Archive for January, 2018

“Have you come to destroy us?”

Sunday, January 28th, 2018

Click here to listen to the full service

Mark 1:21-28

Click here to listen to the meditations only

Good morning! What a pleasure and honor it is to share the good news of Jesus Christ with you this morning. I’d like to thank Dean Hill for asking me to preach today and my colleagues here at the chapel for their support and encouragement.

Today is the fourth Sunday after Epiphany. We are in the liminal time between the celebration of the birth of Christ, and Ash Wednesday. It’s not a memorable season like Advent, when we’re so excited to get to the birth of Christ that we sometimes jump ahead into its celebration a bit early. Or one of Lent, during which we fast, meditate, and prepare for the death and resurrection of Christ. No, the season after Epiphany, in some churches, particularly the Catholic Church, referred to as “Ordinary Time”, is when we hear the stories the growth and development of Jesus’ ministry. It’s when we learn of Jesus’ teachings, healings, and interactions with the people he encounters along the way. We use green paraments to highlight not only the growth and development of Jesus’ ministry, but our own spiritual growth and development through hearing and engaging the retelling of Jesus’ ministry on earth. We are then called to go out into the world and share that spiritual growth through the love of Christ that we share with all people.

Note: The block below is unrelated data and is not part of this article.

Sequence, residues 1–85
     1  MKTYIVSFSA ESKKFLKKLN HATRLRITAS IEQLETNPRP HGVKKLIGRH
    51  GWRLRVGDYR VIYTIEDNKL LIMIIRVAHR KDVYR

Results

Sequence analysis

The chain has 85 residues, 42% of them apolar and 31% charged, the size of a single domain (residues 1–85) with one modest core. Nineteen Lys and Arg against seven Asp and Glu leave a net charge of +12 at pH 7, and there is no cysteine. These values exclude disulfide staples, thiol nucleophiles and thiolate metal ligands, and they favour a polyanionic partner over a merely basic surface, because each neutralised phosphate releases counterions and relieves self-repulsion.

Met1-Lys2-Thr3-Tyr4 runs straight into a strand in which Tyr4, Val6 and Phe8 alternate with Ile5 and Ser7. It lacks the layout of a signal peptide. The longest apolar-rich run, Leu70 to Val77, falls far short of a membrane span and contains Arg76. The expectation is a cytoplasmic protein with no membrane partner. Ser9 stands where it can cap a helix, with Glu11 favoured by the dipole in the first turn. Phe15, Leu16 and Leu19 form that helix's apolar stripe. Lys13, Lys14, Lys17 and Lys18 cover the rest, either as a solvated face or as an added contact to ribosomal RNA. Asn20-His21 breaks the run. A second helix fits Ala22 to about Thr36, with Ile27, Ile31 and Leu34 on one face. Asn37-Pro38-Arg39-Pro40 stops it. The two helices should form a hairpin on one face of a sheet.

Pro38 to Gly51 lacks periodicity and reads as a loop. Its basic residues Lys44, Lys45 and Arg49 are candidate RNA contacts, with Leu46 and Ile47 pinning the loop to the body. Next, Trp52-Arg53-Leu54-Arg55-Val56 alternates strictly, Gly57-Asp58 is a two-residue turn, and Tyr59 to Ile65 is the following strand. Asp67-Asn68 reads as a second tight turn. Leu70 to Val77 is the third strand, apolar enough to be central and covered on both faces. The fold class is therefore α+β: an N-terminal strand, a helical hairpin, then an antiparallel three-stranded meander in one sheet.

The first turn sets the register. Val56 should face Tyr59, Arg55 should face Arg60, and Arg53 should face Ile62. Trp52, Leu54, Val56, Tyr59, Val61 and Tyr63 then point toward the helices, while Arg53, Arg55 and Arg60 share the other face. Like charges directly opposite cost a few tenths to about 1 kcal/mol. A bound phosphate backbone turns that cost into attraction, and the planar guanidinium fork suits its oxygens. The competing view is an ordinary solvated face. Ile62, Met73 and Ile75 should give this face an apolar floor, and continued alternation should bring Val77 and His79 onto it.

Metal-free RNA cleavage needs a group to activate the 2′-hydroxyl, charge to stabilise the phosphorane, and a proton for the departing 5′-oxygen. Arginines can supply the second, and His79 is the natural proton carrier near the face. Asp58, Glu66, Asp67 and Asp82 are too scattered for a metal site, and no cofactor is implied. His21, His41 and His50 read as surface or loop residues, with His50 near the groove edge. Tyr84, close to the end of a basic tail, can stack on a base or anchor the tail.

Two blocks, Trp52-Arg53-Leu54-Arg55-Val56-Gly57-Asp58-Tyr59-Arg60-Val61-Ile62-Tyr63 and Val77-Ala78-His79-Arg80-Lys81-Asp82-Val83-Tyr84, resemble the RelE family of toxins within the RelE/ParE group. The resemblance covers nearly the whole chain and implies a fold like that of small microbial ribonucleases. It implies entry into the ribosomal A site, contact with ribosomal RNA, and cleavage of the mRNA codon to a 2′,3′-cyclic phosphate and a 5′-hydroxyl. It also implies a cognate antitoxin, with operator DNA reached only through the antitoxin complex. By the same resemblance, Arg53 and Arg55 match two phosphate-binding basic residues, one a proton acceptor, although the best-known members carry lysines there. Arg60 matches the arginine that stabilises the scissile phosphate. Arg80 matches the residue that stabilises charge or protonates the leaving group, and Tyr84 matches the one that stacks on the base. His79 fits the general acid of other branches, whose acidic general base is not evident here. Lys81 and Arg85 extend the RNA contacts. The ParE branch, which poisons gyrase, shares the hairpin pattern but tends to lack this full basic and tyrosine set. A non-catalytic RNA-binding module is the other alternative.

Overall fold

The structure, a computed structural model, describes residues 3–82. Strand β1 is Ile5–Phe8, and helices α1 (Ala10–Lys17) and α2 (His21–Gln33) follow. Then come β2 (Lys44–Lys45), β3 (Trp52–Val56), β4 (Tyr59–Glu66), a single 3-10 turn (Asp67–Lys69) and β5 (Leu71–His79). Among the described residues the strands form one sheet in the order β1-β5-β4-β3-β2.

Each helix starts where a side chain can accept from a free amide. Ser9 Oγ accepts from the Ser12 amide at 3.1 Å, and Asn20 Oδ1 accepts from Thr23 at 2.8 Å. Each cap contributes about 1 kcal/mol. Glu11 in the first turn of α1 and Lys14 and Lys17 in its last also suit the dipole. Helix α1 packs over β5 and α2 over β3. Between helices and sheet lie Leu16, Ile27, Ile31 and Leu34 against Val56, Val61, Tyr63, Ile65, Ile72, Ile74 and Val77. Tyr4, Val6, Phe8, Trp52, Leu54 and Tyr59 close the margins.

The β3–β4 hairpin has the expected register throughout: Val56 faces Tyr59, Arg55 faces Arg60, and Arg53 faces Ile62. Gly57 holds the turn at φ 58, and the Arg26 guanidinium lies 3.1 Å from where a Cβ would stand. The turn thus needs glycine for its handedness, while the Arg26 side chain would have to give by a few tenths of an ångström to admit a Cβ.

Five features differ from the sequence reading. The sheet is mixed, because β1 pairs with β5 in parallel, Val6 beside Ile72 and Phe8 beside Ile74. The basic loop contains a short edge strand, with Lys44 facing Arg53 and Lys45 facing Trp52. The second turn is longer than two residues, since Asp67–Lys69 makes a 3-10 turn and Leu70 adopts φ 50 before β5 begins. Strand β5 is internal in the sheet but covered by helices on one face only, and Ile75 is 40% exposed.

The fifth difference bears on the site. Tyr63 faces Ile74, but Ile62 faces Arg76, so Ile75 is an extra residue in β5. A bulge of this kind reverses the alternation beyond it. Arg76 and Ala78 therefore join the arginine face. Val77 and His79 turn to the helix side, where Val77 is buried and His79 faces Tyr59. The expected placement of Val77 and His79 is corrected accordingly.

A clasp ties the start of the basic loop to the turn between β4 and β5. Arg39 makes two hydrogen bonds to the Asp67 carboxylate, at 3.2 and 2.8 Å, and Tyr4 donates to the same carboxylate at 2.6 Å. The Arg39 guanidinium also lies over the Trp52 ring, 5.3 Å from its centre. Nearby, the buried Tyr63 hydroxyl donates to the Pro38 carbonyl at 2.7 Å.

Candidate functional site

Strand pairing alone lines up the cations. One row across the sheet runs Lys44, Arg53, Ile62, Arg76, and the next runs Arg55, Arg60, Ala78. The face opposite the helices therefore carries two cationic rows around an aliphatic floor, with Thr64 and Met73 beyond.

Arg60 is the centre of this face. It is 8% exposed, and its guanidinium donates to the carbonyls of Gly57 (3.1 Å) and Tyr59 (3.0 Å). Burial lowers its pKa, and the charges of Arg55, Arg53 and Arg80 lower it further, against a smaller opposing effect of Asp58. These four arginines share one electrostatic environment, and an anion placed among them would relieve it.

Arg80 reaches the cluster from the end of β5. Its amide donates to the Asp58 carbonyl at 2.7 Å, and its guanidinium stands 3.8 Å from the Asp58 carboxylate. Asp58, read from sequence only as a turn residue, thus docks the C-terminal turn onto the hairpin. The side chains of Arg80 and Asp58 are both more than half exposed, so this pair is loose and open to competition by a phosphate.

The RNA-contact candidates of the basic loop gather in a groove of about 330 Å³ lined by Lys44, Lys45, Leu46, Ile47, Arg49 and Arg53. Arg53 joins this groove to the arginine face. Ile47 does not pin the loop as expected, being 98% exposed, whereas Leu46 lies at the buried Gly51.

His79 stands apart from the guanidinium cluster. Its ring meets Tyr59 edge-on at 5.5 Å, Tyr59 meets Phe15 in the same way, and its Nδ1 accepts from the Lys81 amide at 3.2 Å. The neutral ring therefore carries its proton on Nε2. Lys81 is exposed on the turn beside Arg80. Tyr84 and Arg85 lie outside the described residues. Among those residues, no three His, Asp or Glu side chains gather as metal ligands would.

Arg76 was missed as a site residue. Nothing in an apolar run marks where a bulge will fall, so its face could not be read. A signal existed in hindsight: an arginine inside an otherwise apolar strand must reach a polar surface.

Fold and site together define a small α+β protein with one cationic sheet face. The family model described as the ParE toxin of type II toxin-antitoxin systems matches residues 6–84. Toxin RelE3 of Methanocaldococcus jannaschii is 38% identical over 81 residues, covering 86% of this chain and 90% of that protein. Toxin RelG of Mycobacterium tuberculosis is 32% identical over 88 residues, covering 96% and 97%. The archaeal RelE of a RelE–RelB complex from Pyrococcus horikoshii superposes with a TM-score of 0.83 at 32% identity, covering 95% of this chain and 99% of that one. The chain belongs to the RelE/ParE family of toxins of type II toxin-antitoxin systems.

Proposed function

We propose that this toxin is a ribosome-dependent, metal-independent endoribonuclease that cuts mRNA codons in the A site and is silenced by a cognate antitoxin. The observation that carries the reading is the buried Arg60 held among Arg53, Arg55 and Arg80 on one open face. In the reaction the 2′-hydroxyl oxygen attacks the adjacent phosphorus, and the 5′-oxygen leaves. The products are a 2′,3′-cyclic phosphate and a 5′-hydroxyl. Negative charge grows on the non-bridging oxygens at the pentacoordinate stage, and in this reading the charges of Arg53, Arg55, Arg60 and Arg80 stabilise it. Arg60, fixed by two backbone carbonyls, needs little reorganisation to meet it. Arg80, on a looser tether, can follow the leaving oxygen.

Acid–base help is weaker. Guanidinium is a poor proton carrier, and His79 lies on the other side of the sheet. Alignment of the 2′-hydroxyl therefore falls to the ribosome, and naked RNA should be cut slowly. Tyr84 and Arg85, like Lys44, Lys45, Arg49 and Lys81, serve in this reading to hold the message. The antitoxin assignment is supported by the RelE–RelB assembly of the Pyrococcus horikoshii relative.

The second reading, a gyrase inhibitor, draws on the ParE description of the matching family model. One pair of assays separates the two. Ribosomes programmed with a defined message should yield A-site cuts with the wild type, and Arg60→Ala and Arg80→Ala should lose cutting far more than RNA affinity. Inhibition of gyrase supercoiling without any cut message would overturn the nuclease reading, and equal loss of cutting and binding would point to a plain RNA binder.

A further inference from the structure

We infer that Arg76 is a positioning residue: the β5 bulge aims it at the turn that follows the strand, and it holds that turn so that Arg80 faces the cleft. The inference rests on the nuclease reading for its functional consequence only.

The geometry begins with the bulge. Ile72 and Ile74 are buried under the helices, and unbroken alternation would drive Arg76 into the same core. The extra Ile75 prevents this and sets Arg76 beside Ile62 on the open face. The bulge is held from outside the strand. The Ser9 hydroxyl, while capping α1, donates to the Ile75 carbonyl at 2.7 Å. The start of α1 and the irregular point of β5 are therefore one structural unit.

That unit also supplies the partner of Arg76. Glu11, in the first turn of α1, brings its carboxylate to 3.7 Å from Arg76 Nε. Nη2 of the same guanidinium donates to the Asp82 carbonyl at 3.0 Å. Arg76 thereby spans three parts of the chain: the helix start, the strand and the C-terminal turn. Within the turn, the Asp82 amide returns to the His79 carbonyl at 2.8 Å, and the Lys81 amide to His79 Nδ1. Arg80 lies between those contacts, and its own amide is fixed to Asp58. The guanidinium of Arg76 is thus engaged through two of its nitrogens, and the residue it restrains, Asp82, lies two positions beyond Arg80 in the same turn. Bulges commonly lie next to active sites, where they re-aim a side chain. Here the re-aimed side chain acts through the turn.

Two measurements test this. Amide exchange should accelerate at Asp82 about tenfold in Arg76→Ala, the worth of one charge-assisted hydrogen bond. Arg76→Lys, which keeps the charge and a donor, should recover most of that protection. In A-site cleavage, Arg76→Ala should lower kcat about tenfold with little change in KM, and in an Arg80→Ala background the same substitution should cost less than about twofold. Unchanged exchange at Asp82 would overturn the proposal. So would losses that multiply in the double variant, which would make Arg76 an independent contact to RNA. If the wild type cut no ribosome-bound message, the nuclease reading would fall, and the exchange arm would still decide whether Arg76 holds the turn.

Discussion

This liturgical year, we grapple with Mark’s gospel to help us understand this period of Jesus life. Mark is the shortest gospel and believed by scholars to be the earliest retellings of the life of Jesus. The episodes within Mark’s scripture are much abbreviated, or “raw”, as one commentary I read put it. We get the facts and figures of Jesus’ work in the world, but not much flowery description. But in a way, Mark’s gospel is perfect for this Epiphanytide, this “Ordinary Time.” The gospel jumps right into the action of Jesus’ baptism and ministry. There is no description of the birth of Christ or the events leading up to it, like in Luke’s Gospel. Instead, we encounter the fully grown adult Jesus, baptized by John and announced as the Son and Beloved of God who then begins the work of God in the world. Mark is primarily concerned with conveying who Jesus is as the Holy One, the messiah, and that his authority comes from God. This is fully expressed through Jesus’ words and deeds.